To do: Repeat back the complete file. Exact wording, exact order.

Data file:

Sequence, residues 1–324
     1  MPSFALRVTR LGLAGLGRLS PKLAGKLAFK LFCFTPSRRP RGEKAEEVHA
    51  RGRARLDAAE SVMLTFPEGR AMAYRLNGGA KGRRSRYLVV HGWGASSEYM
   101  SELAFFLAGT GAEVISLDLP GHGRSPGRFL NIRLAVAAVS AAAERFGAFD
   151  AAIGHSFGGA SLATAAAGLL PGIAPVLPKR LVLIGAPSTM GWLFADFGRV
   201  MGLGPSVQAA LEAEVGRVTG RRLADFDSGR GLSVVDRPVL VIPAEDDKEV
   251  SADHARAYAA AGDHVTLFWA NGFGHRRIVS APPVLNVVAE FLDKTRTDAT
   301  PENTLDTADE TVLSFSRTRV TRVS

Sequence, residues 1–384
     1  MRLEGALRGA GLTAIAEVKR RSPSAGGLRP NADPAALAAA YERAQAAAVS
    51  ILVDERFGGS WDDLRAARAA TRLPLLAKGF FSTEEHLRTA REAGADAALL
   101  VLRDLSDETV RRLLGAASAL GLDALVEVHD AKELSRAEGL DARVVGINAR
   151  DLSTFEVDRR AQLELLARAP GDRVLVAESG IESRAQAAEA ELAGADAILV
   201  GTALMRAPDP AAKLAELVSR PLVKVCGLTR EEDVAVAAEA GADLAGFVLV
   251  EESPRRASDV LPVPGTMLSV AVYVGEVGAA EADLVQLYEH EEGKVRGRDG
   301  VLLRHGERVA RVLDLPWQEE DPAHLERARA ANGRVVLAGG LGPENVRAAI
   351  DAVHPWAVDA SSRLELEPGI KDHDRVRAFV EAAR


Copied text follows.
Sequence, residues 1–324
     1  MPSFALRVTR LGLAGLGRLS PKLAGKLAFK LFCFTPSRRP RGEKAEEVHA
    51  RGRARLDAAE SVMLTFPEGR AMAYRLNGGA KGRRSRYLVV HGWGASSEYM
   101  SELAFFLAGT GAEVISLDLP GHGRSPGRFL NIRLAVAAVS AAAERFGAFD
   151  AAIGHSFGGA SLATAAAGLL PGIAPVLPKR LVLIGAPSTM GWLFADFGRV
   201  MGLGPSVQAA LEAEVGRVTG RRLADFDSGR GLSVVDRPVL VIPAEDDKEV
   251  SADHARAYAA AGDHVTLFWA NGFGHRRIVS APPVLNVVAE FLDKTRTDAT
   301  PENTLDTADE TVLSFSRTRV TRVS

Sequence, residues 1–384
     1  MRLEGALRGA GLTAIAEVKR RSPSAGGLRP NADPAALAAA YERAQAAAVS
    51  ILVDERFGGS WDDLRAARAA TRLPLLAKGF FSTEEHLRTA REAGADAALL
   101  VLRDLSDETV RRLLGAASAL GLDALVEVHD AKELSRAEGL DARVVGINAR
   151  DLSTFEVDRR AQLELLARAP GDRVLVAESG IESRAQAAEA ELAGADAILV
   201  GTALMRAPDP AAKLAELVSR PLVKVCGLTR EEDVAVAAEA GADLAGFVLV
   251  EESPRRASDV LPVPGTMLSV AVYVGEVGAA EADLVQLYEH EEGKVRGRDG
   301  VLLRHGERVA RVLDLPWQEE DPAHLERARA ANGRVVLAGG LGPENVRAAI
   351  DAVHPWAVDA SSRLELEPGI KDHDRVRAFV EAAR